Romney, Exasperated; Watch Paul for Iowa Upset; How Boehner Jammed Obama on Taxes… Again
Romney: What the Heck Do You People Want?
“Christine has been a leader in the conservative movement for many years. Christine recognizes that excessive government threatens us now and threatens future generations, and I am pleased to have her on my team.”
-- Statement from former Massachusetts Gov. Mitt Romney announcing the support of three-time Delaware Senate candidate Christine O’Donnell.
SIOUX CITY, Iowa – What Mitt Romney really wants to know is: What, exactly, do you people want from him?
Romney is now embracing the endorsement of Christine O’Donnell, a woman whose spectacularly bad Senate run in 2010 cost the GOP a seat and whose name has come to be shorthand for the missteps of the Tea Party movement.
Just as Rand Paul and Marco Rubio have become synonymous with the success of the outside-in approach to politics for younger conservatives, Christine O’Donnell, along with Sharron Angle in Nevada, serve as cautionary tales for those looking to shake up the GOP.
O’Donnell, who aside from being Bill Maher’s onetime punching bag, is a thrice-failed Senate candidate in the deep-blue state of Delaware. She is the antithesis of Mitt Romney. He’s the sobersided seeker of the GOP establishment’s banner, and she’s the woman trying to make a career out of being allegedly victimized by the same establishment.
Compare this with just a couple of weeks ago when Romney was touting the endorsement of Alaska Sen. Lisa Murkowski. Murkowski lost the Republican primary to Tea Party Express-backed Joe Miller, and then ran as a write-in candidate, defeating Miller. Murkowski still caucuses with the GOP, but she has been a persistent thorn in the side of conservatives as she is one of the Senators most likely to vote with Democrats and the Obama administration. She is one of Sarah Palin’s oldest and most bitter home state rivals and strenuously disliked by the Tea Party movement.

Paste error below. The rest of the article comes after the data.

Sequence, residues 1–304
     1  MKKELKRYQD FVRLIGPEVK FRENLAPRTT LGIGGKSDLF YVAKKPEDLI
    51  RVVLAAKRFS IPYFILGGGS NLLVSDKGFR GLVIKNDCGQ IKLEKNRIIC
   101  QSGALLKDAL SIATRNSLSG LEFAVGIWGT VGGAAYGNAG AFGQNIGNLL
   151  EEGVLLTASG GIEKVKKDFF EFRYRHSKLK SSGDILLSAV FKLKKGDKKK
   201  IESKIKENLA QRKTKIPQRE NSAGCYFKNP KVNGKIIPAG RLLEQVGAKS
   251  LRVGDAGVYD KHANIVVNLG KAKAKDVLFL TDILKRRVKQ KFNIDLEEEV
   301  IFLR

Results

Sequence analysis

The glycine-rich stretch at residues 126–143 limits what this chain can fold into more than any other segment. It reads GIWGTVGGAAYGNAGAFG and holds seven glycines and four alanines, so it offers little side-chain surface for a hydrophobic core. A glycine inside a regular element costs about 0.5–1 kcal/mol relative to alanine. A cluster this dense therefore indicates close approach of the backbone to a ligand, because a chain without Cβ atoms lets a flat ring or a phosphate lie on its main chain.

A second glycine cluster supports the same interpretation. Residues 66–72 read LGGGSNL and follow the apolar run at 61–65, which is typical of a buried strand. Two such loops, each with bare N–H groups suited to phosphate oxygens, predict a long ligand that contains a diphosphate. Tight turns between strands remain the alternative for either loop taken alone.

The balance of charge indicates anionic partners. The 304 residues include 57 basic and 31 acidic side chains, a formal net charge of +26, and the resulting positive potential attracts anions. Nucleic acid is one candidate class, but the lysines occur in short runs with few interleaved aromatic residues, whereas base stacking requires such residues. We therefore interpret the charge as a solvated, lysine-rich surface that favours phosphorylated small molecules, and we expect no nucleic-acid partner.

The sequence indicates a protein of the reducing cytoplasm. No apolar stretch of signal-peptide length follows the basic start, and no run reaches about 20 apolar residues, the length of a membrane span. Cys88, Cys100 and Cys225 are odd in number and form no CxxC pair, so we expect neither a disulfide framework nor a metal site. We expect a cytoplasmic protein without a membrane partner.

Endorsements generally don’t matter much except for what it says about how a candidate sees himself or herself. Whose favor do they seek? But Romney doesn’t seem sure which way to go: The revenge of the establishment, a la Murkowski, or the outsider, O’Donnell.
Power Play suspects that just a few weeks ago, Romney wouldn’t have been calling O’Donnell “a leader in the conservative movement,” let alone welcoming her to his team. But with his numbers sinking and his napalm-hot attacks on Newt Gingrich yet to seriously singe the former speaker, Romney seems willing to try just about anything.
The twist here is that Gingrich, ahead of a make-or-break debate on Thursday, is being a tremendously disciplined campaigner. He slipped up Monday and attacked Romney from the left for excessive capitalist zeal, but from top to bottom he and his campaign are clutching the rudder with grim resolve. They are determined not to be blown off course.
Can Gingrich resist the diversions that have so often capsized his ambitions? Will Romney’s new desperation strategy actually win the favor of Republicans who thought he was a snob unwilling to humble himself for their votes?
We’ll know a lot more Thursday night.
Could Ron Paul Win Iowa? Absolutely